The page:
Evolutionary dynamics of the Trivers–Willard effect : A nonparametric approach
|Faculty/Professorship:||Foundations in Education|
|Publisher Information:||Bamberg : Otto-Friedrich-Universität|
|Year of publication:||2021|
|Source/Other editions:||Ecology and evolution (2021), S. 1-10, ISSN 2045-7758|
|Licence:||Creative Commons - CC BY - Attribution 4.0 International|
The Trivers–Willard hypothesis (TWH) states that parents in good condition tend to bias their offspring sex ratio toward the sex with a higher variation in reproductive value, whereas parents in bad condition favor the opposite sex. Although the TWH has been generalized to predict various Trivers–Willard effects (TWE) depending on the life cycle of a species, existing work does not sufficiently acknowledge that sex-specific reproductive values depend on the relative abundances of males and females in the population. If parents adjust their offspring sex ratio according to the TWE, offspring reproductive values will also change. This should affect the long-term evolutionary dynamics and might lead to considerable deviations from the original predictions.
In this paper, I model the full evolutionary dynamics of the TWE, using a published two-sex integral projection model for the Columbian ground squirrel (Urocitellus columbianus). Offspring sex ratio is treated as a nonparametric continuous function of maternal condition. Evolutionary change is treated as the successive invasion of mutant strategies. The simulation is performed with varying starting conditions until an evolutionarily stable strategy (ESS) is reached.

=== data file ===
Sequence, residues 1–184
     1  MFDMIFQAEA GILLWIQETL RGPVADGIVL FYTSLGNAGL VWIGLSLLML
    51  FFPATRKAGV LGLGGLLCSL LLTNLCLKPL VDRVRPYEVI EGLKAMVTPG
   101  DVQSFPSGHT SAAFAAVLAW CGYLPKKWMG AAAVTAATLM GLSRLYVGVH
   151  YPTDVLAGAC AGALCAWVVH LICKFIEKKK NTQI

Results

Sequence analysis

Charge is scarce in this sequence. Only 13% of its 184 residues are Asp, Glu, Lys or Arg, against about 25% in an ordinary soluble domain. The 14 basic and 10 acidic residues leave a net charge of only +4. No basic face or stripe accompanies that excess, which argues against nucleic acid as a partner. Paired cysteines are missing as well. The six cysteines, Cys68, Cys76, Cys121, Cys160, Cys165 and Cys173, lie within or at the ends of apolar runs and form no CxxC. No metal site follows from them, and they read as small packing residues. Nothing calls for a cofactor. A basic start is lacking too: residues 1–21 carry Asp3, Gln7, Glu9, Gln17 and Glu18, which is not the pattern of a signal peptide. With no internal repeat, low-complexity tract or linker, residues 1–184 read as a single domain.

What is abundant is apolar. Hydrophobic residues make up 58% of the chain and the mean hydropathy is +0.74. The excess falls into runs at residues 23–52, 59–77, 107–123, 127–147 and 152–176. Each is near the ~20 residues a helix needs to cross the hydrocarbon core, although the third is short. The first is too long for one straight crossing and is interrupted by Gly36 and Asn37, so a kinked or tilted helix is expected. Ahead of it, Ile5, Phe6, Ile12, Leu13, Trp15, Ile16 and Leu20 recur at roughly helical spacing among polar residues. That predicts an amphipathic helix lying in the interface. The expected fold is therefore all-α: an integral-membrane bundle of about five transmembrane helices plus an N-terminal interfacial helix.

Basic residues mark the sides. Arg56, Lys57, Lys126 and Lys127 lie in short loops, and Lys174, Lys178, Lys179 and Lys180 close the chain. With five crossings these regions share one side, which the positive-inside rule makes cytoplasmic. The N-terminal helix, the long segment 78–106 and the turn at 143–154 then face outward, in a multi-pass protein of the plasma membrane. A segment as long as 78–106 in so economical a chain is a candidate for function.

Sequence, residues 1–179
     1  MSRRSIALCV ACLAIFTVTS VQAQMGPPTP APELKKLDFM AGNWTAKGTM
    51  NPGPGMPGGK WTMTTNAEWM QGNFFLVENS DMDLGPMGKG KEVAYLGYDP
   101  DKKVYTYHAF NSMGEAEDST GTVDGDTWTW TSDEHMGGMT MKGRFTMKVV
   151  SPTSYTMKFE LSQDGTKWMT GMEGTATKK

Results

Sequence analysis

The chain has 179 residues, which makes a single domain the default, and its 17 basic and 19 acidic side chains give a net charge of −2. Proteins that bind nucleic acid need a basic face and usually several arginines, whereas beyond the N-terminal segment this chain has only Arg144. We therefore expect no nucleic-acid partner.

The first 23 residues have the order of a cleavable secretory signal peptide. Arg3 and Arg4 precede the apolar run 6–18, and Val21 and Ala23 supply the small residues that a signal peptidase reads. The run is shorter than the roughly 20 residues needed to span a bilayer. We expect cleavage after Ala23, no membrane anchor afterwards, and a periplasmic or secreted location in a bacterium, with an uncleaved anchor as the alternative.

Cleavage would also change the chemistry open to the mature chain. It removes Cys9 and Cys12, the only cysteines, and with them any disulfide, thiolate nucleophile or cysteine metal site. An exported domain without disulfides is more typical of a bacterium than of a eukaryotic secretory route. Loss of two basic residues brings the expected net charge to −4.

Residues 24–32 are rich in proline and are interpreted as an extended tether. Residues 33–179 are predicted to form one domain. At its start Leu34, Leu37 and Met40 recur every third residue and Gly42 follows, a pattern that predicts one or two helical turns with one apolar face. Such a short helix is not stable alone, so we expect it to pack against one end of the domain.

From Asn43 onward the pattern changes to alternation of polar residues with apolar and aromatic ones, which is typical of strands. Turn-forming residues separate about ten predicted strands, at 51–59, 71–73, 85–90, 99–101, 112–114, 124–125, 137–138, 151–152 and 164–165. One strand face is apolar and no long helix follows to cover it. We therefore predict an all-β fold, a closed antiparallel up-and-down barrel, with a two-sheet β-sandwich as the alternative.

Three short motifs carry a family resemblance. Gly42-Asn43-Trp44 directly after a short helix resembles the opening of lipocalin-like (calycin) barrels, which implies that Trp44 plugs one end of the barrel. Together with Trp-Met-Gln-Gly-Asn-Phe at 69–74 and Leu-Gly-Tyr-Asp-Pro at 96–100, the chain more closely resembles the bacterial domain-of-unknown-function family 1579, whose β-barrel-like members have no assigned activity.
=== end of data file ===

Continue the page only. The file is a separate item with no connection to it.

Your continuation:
The results show that the magnitude of the evolving TWE can be far greater than previously predicted. Furthermore, evolutionary dynamics show considerable nonlinearities before settling at an ESS. The nonlinear effects depend on the starting conditions and indicate that evolutionary change is fastest when starting at an extremely biased sex ratio and that evolutionary change is weaker for parents of high condition. The results show neither a tendency to maximize average population fitness nor to minimize the deviation between offspring sex ratio and offspring reproductive value ratio.
The study highlights the importance of dynamic feedback in models of natural selection and provides a new methodological framework for analyzing the evolution of continuous strategies in structured populations.
|SWD Keywords:||Evolutionäre Spieltheorie ; Eichhörnchen ; Sexualverhalten|
|Keywords:||continuous strategies, evolutionary dynamics, evolutionary invasion analysis, integral projection models, Trivers–Willard hypothesis, two-sex models|
|DDC Classification:||500 Science|
|RVK Classification:||WH 5200|
|Open Access Journal:||Ja|
|Release Date:||11. October 2021|
originated at the
University of Bamberg
University of Bamberg